Teachers need to be offered professional development to enhance their skills in managing diverse classrooms and addressing the needs of students who are at risk of missing out on education. They should also have training on a Trauma Informed approach, as many children who have not been in school will find the transition back to education difficult.


In conclusion, addressing the issue of children missing in education is a pressing national challenge that demands immediate attention and collaborative efforts.

By understanding the consequences of education deprivation and implementing targeted interventions, we can pave the way for a more equitable and inclusive society, where every child has the opportunity to thrive through the power of education.

Need more support with this topic?

If you would like support with how to deal with concerns regarding safeguarding, please feel free to contact our safeguarding team at

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About the Author

Lucie WelchLucie Welch – Adviser, Services For Education

Lucie Welch taught in primary schools for over 13 years, holding the roles of Assistant Head of School, Designated Safeguarding Lead, Designated Teacher for Looked After Children, Attendance Lead as well as many subject lead roles.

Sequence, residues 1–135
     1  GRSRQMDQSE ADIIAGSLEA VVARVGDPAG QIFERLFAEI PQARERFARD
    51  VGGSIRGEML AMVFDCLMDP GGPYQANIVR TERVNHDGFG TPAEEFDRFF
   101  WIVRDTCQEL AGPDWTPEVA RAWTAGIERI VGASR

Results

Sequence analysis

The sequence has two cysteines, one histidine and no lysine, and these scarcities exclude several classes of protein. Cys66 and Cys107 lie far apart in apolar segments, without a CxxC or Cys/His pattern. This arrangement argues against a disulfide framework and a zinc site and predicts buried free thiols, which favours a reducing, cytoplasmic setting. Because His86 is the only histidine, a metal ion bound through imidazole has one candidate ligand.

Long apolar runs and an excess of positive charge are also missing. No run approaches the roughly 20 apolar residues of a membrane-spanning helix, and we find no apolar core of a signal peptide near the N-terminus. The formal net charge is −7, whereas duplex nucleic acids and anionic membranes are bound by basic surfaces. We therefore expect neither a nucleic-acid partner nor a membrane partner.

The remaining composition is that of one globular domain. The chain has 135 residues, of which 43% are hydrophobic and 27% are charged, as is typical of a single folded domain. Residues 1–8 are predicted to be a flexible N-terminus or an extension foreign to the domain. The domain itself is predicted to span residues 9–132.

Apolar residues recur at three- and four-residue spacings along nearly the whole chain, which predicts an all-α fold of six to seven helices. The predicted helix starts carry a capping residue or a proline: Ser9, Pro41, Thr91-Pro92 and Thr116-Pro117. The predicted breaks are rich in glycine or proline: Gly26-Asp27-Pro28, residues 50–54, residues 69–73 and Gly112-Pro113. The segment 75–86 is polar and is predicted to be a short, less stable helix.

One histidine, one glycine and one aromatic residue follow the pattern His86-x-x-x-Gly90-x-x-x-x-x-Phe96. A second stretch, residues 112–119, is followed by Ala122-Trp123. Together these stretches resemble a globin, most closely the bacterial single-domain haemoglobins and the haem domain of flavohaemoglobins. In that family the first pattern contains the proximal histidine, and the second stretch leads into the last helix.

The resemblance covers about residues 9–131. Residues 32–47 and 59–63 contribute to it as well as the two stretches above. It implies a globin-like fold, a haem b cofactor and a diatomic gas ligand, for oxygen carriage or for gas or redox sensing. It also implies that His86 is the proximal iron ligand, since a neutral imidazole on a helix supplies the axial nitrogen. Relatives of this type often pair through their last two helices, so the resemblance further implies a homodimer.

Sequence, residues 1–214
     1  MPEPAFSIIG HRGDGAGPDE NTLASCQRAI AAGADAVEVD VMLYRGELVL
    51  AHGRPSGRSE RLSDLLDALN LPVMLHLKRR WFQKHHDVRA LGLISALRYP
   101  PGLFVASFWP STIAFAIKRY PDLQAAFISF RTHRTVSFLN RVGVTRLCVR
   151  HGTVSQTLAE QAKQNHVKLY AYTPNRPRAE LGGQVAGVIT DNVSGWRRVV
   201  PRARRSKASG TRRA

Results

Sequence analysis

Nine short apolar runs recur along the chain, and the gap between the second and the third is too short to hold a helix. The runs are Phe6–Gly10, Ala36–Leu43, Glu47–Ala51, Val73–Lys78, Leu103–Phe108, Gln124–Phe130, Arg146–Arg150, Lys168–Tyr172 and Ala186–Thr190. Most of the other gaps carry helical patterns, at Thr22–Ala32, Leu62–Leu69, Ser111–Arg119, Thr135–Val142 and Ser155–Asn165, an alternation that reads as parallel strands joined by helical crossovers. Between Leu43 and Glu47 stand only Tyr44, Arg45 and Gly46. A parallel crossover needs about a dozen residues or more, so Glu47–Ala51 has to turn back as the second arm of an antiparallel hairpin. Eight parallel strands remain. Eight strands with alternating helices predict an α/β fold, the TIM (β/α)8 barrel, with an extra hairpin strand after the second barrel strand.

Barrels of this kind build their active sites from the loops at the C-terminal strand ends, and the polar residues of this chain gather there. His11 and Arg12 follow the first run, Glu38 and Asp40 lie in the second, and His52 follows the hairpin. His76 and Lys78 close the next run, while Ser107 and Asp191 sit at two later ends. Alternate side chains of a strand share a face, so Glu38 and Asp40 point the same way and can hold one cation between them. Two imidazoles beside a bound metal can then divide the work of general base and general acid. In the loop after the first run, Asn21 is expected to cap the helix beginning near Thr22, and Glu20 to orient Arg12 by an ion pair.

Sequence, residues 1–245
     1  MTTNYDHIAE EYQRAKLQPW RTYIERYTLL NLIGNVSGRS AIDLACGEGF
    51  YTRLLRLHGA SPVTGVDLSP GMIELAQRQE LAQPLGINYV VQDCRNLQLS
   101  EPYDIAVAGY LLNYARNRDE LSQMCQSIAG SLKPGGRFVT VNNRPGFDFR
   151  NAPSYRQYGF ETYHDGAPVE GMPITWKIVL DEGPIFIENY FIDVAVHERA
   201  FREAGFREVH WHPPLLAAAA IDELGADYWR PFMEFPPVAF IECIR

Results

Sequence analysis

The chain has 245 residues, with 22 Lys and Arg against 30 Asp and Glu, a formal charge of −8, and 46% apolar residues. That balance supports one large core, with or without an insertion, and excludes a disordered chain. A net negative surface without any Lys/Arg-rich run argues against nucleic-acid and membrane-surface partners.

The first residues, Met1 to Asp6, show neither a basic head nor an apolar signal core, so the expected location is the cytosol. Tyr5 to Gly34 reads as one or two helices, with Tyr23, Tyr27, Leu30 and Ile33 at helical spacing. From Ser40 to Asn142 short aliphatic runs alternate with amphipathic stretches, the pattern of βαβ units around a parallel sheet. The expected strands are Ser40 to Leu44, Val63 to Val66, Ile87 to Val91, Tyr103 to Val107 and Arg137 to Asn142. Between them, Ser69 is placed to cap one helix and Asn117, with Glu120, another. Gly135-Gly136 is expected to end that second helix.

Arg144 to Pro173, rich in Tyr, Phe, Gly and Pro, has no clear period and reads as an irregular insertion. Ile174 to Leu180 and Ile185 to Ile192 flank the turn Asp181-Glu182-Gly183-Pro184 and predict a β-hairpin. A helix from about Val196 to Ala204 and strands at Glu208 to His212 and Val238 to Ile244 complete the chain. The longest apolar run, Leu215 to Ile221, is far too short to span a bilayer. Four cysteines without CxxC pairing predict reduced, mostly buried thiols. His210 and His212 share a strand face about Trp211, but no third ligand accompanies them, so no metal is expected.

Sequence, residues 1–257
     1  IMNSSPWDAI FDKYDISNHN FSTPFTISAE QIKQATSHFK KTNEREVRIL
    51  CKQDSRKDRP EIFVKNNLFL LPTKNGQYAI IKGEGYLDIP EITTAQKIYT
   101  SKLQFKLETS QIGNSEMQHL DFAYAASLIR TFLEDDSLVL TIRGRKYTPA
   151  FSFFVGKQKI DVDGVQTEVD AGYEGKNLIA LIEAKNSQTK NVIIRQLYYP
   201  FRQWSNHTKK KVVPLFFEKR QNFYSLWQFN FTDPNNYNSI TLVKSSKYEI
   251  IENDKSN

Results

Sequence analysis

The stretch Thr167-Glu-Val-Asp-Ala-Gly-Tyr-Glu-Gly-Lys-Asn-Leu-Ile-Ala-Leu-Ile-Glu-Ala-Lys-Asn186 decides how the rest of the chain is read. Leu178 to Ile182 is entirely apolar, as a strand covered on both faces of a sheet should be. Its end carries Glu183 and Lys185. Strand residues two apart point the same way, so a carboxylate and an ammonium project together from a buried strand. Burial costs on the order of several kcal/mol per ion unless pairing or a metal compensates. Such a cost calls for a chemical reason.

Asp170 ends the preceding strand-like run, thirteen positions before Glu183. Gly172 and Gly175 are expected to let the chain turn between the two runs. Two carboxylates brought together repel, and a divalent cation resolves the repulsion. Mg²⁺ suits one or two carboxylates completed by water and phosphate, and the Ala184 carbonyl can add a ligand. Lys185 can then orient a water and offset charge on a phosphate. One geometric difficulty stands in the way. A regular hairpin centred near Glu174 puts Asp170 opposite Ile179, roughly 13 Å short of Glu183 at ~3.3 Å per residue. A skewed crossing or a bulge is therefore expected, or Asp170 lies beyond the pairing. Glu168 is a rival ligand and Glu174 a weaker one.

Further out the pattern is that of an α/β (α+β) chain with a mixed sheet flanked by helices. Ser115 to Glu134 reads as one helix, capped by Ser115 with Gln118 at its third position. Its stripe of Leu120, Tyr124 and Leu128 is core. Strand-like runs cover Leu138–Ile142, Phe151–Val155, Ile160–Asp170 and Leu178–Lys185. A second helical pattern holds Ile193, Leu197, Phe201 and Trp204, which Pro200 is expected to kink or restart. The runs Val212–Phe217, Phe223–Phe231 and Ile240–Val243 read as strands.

Through the role of DSL, Lucie has garnered huge experience and knowledge of safeguarding which she is passionate about sharing with schools both across Birmingham and nationwide. With a strong understanding of policies and procedures, as well as safeguarding in schools at a day-to-day operational level, Lucie can provide bespoke consultancy and training on a host of safeguarding related topics.

Lucie also leads on PSHE and RSE and has a focused interest in children's emotional health and wellbeing, understanding how trauma and adverse childhood experiences can impact children, as well as educating staff and pupils on Sexual Violence, Sexual Harassment and Harmful Sexual Behaviour in schools.

Lucie is also a part of our Health for Life team and helps deliver the Early Career Framework on behalf of the Best Practice Network.


Our expert advisers can provide in-school visits to deliver sessions on any specific safeguarding issues that are relevant to your setting. We also offer consultancy and a detailed safeguarding audit. We will work with you to understand your exact requirements.

Get in touch with us today if you’d like to discuss bespoke Safeguarding training for your school.